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Fountains Abbey: Location

Fountains Abbey: History
Trials and Tribulations
Strength and Stability
End of Monastic Life

Fountains Abbey: Buildings
Chapter House
Warming House
Day Room
Lay Brothers' Range
Abbots House
Outer Court

Fountains Abbey: Lands

Fountains Abbey: People

Cistercian Life






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‘A disgrace to the Order’
In the 1220s the General Chapter denounced the bickering between Fountains and Byland regarding leadmines in Nidderdale as a disgrace to the Order. Concord was reached in 1226 when it was agreed that two mines in Coldstones, which lay south of Ashford Gill Beck, should be worked by both abbeys for seven years and the costs divided; thereafter, Byland was to withdraw. A third mine in Coldstones was to be worked in this way until it was exhausted. The monks and lay-brothers of both abbeys were bound to abide by the terms of the agreement, for failure to do so would result in the offender having to apologise in person to the other community and enduring a fast of bread and water every Friday for a year.
[Jennings, Yorkshire Monasteries, pp. 81, 84.]

Fountains’ main non-agricultural industry was lead-mining.(129) Lead was an extremely important resource that was necessary for the manufacture of piping and brewing vats, and for use in roofing and window tracery.(130) In the late twelfth century, Fountains acquired a number of rights to mine lead in Nidderdale from Roger de Mowbray and his wife, Alice de Gant. These included mines at Bewerley and Dacre, where the abbey had granges, and the right to mine all metals in the forest of Nidderdale.(131) The hamlet between Dacre and Pateley Bridge, that is today known as ‘Smelthouses’ (and was formerly part of Brimham grange), refers to its medieval past, for the monks of Fountains had lead-smelting works here; their mill was on the spot today called ‘Lead Wath’.(132)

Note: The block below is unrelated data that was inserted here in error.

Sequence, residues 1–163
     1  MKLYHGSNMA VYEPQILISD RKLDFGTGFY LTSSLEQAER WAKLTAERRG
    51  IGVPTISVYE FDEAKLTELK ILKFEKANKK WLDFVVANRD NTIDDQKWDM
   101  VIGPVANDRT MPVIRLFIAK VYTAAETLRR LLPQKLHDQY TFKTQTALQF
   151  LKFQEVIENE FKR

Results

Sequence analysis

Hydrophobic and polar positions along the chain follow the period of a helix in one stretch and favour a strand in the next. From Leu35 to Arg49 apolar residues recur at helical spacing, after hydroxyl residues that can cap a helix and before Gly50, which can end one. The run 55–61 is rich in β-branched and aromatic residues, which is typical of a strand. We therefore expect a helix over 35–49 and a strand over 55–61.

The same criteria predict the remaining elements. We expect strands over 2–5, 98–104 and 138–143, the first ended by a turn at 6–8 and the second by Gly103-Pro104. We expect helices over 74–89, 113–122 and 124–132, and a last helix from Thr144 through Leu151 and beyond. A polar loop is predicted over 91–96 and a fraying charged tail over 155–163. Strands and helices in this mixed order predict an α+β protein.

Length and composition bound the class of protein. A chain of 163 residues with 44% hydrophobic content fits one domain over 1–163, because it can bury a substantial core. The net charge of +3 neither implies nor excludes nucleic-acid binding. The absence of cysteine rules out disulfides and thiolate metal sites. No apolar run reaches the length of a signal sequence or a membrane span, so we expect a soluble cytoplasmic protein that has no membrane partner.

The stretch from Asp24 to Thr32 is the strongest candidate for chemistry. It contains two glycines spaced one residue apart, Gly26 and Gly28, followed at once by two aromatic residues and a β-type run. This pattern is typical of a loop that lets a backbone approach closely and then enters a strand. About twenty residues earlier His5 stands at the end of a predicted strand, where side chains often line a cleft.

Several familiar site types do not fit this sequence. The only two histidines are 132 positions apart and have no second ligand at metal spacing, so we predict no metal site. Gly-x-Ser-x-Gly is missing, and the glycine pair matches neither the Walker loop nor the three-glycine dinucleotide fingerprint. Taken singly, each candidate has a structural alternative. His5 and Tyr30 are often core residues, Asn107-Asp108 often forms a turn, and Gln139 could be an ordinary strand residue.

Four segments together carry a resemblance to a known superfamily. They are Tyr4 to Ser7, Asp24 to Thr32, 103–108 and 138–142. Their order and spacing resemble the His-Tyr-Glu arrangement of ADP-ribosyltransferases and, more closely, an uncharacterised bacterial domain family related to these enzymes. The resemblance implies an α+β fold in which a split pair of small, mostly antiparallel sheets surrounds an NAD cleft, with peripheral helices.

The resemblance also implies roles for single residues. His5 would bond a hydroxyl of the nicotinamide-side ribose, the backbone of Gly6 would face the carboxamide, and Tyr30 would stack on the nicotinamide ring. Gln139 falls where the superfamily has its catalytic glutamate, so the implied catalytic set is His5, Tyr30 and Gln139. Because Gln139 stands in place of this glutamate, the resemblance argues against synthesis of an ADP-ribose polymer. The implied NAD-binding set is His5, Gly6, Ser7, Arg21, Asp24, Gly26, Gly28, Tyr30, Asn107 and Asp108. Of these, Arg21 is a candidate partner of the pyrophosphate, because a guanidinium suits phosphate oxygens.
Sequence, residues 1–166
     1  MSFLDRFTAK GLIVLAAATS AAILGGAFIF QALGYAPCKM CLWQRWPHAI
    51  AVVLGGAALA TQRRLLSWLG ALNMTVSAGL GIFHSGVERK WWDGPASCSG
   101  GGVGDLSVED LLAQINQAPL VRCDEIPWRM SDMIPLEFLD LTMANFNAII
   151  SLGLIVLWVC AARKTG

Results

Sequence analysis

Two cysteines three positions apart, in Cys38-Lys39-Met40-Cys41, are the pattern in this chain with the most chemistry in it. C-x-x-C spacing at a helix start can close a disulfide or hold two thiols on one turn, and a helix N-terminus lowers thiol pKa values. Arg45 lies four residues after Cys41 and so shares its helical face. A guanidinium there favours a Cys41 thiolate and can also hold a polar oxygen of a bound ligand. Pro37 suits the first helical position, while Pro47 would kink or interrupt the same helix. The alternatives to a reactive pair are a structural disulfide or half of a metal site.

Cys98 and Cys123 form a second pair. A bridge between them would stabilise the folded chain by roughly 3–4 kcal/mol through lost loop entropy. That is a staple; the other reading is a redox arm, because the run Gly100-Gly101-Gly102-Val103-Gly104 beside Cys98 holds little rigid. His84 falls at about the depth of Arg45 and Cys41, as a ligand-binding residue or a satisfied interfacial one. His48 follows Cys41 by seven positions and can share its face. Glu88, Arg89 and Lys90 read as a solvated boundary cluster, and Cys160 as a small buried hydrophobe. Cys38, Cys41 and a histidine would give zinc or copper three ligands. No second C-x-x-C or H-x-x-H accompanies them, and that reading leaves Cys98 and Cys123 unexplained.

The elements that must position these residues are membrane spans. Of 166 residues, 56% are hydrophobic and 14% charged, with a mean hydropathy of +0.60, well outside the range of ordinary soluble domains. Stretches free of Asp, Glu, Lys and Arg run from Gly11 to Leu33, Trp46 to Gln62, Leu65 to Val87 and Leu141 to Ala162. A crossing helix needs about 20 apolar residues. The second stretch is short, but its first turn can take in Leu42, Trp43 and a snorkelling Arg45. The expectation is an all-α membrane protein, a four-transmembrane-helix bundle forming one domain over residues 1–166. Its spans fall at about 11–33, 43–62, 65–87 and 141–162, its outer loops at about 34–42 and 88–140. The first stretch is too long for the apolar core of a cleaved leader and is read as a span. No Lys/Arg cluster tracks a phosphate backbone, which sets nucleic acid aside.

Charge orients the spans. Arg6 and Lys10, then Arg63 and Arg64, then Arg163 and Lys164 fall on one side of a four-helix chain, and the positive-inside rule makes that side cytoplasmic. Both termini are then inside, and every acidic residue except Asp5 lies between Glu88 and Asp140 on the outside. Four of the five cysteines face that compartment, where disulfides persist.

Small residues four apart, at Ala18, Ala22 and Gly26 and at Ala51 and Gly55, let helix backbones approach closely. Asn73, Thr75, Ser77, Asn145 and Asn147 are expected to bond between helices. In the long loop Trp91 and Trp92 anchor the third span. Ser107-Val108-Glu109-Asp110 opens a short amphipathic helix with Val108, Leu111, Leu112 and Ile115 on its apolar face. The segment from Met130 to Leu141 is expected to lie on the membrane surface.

Greenhow Hill
© Peter Howard
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Greenhow Hill

In the late fifteenth century Fountains was mining lead on Greenhow Hill, near Dacre, where a number of bell-pits can still be seen. Fountains’ expansion in this area, however, brought the community into conflict with the Augustinian canons of Bolton Priory and the miners of the Duchy of Lancaster. The dispute centred on Mungo Gill and disagreement continued until the Dissolution.(133)

Once the lead was mined it was smelted in furnaces built on hillsides, ‘bole hills’. These were low stone circles which had gaps in the base to allow the wind to enter and power. Fountains had hillside furnaces at Bale Hill, in Bishopside [Aldfield], and at Bale Banks, in Coldstones. From the fourteenth century bellows were used to power the furnaces, which were now moved by streams and driven by waterwheels. By the fifteenth century Fountains was using both types of furnace. The mid-fifteenth century ‘Memorandum book’ records the payment of 3s 4d for a bellows pipe [sufflatorium].(134)

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